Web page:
While I have described only two preferred embodiments of my invention, persons skilled in this art will appreciate changes and modifications which may be made without departing from the spirit of my invention. For example, the plastic material of which the disc is manufactured may be altered and compounded of different plastic so as to give rise to the requisite bounce characteristics of this invention. Additionally, the dimensions of the disc may be changed slightly without departing from the spirit of my invention. Therefore, I do not intend to be limited except by the scope of the following appended claims:
|Cited Patent||Filing date||Publication date||Applicant||Title|
|US1292011 *||Aug 12, 1918||Jan 21, 1919||Eva J Monroe||Resilient missile.|
|US2690339 *||Dec 15, 1950||Sep 28, 1954||Hall Teller B||Flying disk and catcher|
|US3563548 *||May 12, 1969||Feb 16, 1971||Tolotti Carl||Puck for batting game|
|US3566532 *||Nov 8, 1967||Mar 2, 1971||Wilson Henry A||Flying saucer type toy|
|US3659849 *||Dec 19, 1969||May 2, 1972||Seymour William D||Baton and ring game|
|US3941383 *||Dec 2, 1974||Mar 2, 1976||Clarke William A||Velcro projectile and target|
|US4112612 *||Feb 22, 1977||Sep 12, 1978||Woods William W||Convertible aerial projectile toy|
|US4616827 *||Aug 23, 1984||Oct 14, 1986||Bergland James H||Playing ball|
|US4687210 *||Sep 20, 1985||Aug 18, 1987||Michel James C||Toy bouncing ring|
|GB289986A *||Title not available|
|Citing Patent||Filing date||Publication date||Applicant||Title|
|US6113453 *||Dec 30, 1997||Sep 5, 2000||Stuffelbeam; Kim||Flying toy apparatus and assembly method|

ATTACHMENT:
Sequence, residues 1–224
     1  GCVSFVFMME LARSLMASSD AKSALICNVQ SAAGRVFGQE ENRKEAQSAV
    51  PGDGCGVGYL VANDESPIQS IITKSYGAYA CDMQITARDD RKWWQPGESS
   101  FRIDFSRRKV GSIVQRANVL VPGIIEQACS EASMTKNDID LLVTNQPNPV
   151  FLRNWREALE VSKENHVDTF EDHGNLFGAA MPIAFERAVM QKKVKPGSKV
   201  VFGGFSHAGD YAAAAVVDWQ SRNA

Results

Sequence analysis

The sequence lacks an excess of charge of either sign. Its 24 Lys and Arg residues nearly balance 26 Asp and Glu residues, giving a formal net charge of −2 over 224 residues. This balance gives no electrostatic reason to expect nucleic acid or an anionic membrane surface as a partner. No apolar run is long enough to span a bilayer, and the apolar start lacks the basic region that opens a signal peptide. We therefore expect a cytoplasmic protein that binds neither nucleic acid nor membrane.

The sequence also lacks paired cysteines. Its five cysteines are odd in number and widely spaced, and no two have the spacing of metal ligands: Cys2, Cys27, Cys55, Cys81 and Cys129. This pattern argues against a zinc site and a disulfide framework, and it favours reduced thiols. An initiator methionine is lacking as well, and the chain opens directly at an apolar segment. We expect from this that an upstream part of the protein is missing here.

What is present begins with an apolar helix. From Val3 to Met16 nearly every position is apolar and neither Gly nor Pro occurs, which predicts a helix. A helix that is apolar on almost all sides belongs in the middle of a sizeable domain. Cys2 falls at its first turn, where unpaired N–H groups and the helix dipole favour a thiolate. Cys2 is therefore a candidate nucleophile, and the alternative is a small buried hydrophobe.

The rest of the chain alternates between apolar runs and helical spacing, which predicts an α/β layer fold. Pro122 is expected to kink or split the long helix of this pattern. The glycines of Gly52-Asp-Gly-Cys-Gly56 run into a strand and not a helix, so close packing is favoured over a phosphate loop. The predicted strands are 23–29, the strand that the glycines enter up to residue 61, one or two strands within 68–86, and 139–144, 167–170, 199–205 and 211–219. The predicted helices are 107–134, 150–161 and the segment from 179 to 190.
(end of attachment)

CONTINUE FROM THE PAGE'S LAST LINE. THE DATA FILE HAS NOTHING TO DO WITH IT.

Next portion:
|US6179737||May 28, 1996||Jan 30, 2001||Alan J. Adler||Flying disc|
|US6347973||Aug 4, 1998||Feb 19, 2002||Grant, Iii Robert Ray||Stick-propelled loop game|
|US6565404||Sep 12, 2002||May 20, 2003||Mark Oblack||Flying pet toy|
|US6680359||Feb 1, 2002||Jan 20, 2004||Cecile J. Schoenheider||Moldable compositions|
|US7104902 *||Nov 8, 2004||Sep 12, 2006||Roy Dopson||Throw and catch game and method of playing same|
|US7862488 *||May 27, 2009||Jan 4, 2011||Alison Albanese||Weightable hoop belt system|
|US8382645||Aug 22, 2007||Feb 26, 2013||Savvier, Lp||Method and apparatus for fitness exercise|
|US8480547 *||Sep 21, 2010||Jul 9, 2013||Rodale, Inc.||Portable sliding exercise device|
|US9011294 *||Oct 4, 2004||Apr 21, 2015||Savvier, Lp||Method and apparatus for fitness exercise|
|US20030148702 *||Jan 17, 2003||Aug 7, 2003||Campbell Phillip John||Collapsible toy hoop|
|US20040005837 *||Jul 4, 2002||Jan 8, 2004||Wang John C.||Self-returning aerial glider|
|US20050107191 *||Nov 8, 2004||May 19, 2005||Roy Dopson||Throw and catch game and method of playing same|
|US20050245372 *||Oct 4, 2004||Nov 3, 2005||Savvier Lp||Method and apparatus for fitness exercise|
|US20070287605 *||Aug 22, 2007||Dec 13, 2007||Savvier Lp||Method and apparatus for fitness exercise|
|US20080113582 *||Feb 28, 2007||May 15, 2008||Phillip John Campbell||Collapsible hoop|
|US20080153676 *||May 3, 2007||Jun 26, 2008||Krietzman Mark H||Dynamic Variable Weight Exercise Device and Method|
|US20090270232 *||May 27, 2009||Oct 29, 2009||Alison Albanese||Weightable Hoop Belt System|
|US20110071008 *||Sep 21, 2010||Mar 24, 2011||Rodale, Inc.||Portable sliding exercise device|
|USRE40533||May 19, 2005||Oct 7, 2008||Mark Oblack||Flying pet toy|
|WO2010123341A1 *||Mar 31, 2010||Oct 28, 2010||Wang Han Yap||An aerodynamic flying toy|
|U.S. Classification||446/48, 473/589|
|Feb 5, 1988||AS||Assignment|
Owner name: GETGEY, INC., 2191 VICTORY PARKWAY, CINCINNATI, OH
Free format text: ASSIGNMENT OF ASSIGNORS INTEREST.;ASSIGNOR:GETGEY, WILLIAM F.;REEL/FRAME:004861/0211
Effective date: 19880205
Owner name: GETGEY, INC., A CORP. OF OHIO, OHIO
Free format text: ASSIGNMENT OF ASSIGNORS INTEREST;ASSIGNOR:GETGEY, WILLIAM F.;REEL/FRAME:004861/0211
Effective date: 19880205
|Jul 31, 1989||AS||Assignment|
Owner name: TEDCO, INC., A IN CORP., INDIANA
Free format text: ASSIGNMENT OF ASSIGNORS INTEREST.;ASSIGNOR:GETGEY, INC.;REEL/FRAME:005159/0974
Effective date: 19890228
|Aug 20, 1991||CC||Certificate of correction|
|Oct 4, 1993||FPAY||Fee payment|
Year of fee payment: 4
|Feb 13, 1998||REMI||Maintenance fee reminder mailed|
|Apr 12, 1998||LAPS||Lapse for failure to pay maintenance fees|
|Jun 23, 1998||FP||Expired due to failure to pay maintenance fee|
Effective date: 19980415